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Posts Tagged ‘permission

Today I reflect on my work with two education groups and how they react to change. 

I suggested to one group that we needed to teach pandemic strategies in our course for future educators. There has been no change ever since the course went fully online.

In another course, I included a new learning outcome: Suggest strategies for integrating ICT into [area of education] during a pandemic. I did this outside our regular course document review/revision.

The latter move is a timely one and already appreciated by my learners (pre- and in-service teachers) as one of several optional focus areas. It is timely and I do not see significant objections to it during official review.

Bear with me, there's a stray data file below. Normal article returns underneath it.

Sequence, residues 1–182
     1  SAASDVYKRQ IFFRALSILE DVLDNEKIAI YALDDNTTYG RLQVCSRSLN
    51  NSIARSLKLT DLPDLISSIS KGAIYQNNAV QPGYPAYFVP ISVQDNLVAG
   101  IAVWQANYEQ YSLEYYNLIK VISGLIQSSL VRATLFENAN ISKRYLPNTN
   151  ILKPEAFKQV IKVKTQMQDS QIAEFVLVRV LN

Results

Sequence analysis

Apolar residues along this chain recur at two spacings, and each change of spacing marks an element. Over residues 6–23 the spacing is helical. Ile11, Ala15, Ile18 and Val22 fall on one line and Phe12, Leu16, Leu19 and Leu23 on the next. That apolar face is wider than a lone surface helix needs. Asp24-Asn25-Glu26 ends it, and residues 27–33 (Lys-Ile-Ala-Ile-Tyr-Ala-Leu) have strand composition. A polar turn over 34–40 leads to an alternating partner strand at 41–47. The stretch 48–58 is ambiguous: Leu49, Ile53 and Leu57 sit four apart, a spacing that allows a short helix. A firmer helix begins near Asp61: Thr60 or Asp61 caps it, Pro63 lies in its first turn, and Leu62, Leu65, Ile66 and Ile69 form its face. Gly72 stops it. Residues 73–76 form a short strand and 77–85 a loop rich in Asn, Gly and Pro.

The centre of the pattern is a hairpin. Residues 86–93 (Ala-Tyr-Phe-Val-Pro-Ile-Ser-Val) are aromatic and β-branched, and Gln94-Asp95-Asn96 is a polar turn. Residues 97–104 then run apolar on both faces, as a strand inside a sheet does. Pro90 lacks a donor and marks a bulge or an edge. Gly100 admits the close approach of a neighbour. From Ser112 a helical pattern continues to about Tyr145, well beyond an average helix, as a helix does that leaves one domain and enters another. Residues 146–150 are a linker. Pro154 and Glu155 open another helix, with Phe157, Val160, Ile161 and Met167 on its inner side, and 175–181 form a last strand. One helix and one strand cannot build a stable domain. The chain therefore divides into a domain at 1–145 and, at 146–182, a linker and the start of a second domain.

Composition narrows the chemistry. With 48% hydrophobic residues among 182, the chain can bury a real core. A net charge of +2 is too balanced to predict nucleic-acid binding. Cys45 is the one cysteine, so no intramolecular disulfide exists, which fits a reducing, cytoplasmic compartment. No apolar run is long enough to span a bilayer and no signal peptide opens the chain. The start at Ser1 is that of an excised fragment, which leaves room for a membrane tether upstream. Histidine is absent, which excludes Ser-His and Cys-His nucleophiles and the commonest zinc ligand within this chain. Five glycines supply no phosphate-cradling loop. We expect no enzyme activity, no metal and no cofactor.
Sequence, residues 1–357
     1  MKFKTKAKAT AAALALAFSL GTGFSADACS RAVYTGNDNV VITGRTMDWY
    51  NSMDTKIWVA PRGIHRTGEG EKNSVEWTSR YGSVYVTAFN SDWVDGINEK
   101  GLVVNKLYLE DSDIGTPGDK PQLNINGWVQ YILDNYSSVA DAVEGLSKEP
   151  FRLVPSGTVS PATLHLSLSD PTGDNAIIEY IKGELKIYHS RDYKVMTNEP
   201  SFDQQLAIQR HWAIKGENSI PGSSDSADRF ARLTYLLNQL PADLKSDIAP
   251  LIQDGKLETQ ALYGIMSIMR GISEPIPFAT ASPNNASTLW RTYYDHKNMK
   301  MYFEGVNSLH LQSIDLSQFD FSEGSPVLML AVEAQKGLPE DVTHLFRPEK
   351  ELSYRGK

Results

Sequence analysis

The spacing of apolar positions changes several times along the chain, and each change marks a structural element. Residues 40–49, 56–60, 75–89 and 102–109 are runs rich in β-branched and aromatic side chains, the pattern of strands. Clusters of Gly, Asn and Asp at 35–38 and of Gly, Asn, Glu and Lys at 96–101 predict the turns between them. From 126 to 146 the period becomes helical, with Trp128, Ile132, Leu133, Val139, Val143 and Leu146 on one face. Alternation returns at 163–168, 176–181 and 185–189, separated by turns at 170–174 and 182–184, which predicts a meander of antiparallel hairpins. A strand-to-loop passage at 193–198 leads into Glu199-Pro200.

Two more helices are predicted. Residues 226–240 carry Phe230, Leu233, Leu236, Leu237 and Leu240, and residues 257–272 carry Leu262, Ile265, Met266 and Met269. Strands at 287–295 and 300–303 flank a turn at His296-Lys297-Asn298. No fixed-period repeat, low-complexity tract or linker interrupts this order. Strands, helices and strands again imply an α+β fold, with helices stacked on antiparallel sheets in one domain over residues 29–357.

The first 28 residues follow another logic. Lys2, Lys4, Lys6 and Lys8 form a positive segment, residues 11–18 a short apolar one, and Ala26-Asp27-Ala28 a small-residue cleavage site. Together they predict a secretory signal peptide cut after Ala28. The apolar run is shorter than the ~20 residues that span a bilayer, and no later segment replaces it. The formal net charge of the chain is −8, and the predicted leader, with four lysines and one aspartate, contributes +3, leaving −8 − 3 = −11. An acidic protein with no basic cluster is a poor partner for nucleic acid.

Change is not asking for permission first. It is about asking for forgiveness later.

There is a saying among change agents who dare: Better to ask for forgiveness later than to ask for permission first. Anyone who is serious about change knows that going through proper channels regardless of circumstance will result in no change, or worse, regression.

Change sometimes means colouring outside the lines. If I am advised to remove that optional learning outcome, I will apologise for including it without consultation. But I will also have tinkered with that change element and have data on how that went. This will inform me and my client, and we will be better for it.

I have avoided reading and reviewing this opinion piece Analytics can help universities better support students’ learning. When I scanned the content earlier this month, my edtech Spidey sense got triggered. Why?
 

 
Take the oft cited reason for leveraging on the data: They “provide information for faculty members to formulate intervention strategies to support individual students in their learning.”

Nowhere in the op piece was there mention of students giving permission for their data to be used that way. Students are paying for an education and a diploma; they are not paying to be data-mined.